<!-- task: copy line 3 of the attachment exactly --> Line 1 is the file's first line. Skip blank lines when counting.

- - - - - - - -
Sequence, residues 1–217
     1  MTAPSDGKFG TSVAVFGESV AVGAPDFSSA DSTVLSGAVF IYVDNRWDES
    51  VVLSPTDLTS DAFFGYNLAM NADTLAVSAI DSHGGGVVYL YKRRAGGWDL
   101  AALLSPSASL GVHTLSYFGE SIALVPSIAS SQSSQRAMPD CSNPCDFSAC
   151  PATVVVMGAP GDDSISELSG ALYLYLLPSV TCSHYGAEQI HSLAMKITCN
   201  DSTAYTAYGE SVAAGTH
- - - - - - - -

    51  VVLSPTDLTS DAFFGYNLAM NADTLAVSAI DSHGGGVVYL YKRRAGGWDL